A study published Monday pointed to a surprising side effect of the opioid crisis: 13.4 percent of organ transplants in the U.S. now come from people who died of overdoses, up from 1.1 percent in 2000. During that period, donations increased by around 25 percent.
The study, from the Annals of Internal Medicine, also showed that patients who receive organs from overdose victims live as long as those who receive organs from accident victims, allaying some fears that organs from overdose victims may be compromised by diseases associated with needle usage, like HIV.
Medical ethicist Arthur Caplan said the findings highlight the severity of both the opioid crisis, and the shortage of organs for patients who need transplants.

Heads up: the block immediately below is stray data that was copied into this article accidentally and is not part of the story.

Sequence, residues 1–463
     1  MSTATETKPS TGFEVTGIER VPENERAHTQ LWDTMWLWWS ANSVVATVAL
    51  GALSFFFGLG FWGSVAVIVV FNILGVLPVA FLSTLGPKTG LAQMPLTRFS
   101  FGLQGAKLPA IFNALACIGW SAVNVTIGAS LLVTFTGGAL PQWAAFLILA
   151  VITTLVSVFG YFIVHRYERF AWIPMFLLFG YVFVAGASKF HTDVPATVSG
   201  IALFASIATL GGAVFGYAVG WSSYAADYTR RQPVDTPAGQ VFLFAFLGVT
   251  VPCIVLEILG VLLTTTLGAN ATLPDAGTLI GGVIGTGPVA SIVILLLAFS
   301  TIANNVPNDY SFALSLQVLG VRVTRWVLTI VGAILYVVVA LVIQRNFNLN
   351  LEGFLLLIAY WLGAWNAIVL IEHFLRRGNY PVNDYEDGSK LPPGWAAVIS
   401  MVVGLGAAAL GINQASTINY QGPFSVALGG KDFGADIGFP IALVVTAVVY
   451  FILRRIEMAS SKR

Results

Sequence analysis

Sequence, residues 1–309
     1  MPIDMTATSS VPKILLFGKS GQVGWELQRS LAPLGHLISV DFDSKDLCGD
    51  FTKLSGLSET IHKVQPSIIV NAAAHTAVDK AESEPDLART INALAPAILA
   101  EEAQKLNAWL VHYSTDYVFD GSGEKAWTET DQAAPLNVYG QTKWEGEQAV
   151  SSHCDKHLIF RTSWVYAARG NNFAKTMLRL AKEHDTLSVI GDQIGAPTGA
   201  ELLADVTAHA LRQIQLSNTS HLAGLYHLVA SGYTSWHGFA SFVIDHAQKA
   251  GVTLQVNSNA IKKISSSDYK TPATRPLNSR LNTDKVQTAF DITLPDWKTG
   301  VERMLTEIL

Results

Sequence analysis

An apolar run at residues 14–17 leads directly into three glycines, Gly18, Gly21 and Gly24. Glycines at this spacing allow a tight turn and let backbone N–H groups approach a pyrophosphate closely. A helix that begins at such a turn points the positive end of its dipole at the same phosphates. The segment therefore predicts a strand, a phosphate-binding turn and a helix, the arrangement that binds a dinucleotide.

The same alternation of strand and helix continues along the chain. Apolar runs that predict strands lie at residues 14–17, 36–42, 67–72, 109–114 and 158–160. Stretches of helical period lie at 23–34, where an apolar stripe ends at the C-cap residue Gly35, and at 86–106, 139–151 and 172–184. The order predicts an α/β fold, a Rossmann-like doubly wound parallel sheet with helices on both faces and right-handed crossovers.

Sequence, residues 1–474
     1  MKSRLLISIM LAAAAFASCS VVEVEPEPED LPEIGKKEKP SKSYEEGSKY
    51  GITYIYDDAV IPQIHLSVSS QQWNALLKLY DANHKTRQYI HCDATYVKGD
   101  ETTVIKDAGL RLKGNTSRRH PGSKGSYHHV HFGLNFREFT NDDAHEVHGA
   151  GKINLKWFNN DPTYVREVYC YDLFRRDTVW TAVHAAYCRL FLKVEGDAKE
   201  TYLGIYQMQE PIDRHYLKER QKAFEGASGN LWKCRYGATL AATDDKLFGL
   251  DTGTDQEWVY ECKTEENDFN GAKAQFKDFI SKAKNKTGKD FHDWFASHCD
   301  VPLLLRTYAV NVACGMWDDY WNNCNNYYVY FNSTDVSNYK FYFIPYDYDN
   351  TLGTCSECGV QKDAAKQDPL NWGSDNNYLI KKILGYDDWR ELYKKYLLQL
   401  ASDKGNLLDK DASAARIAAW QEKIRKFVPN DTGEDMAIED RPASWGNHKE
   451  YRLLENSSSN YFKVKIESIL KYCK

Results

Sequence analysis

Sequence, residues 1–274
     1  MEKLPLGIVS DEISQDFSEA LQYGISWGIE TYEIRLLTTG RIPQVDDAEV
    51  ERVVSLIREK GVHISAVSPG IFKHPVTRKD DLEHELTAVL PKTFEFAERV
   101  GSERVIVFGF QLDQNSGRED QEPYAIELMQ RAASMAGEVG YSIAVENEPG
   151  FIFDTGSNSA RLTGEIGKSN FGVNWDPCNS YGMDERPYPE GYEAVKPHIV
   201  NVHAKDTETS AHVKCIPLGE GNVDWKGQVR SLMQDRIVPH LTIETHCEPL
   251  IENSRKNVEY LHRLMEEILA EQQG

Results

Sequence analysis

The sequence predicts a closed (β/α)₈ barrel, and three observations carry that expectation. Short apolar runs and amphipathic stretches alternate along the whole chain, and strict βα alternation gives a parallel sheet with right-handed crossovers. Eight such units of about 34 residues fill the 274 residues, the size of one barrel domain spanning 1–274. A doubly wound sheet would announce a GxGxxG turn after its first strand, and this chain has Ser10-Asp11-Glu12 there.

"The good news is, these are younger people, and so they are good organ donors. But it's a band-aid on the problem that we aren't getting enough organ donors when people die," Caplan said. "I worry we're not making all the efforts we need to encourage people to sign up to be an organ donor."
Caplan said he believes the United States should transition to a system where people must opt out of being organ donors, rather than the current system, where people must opt in.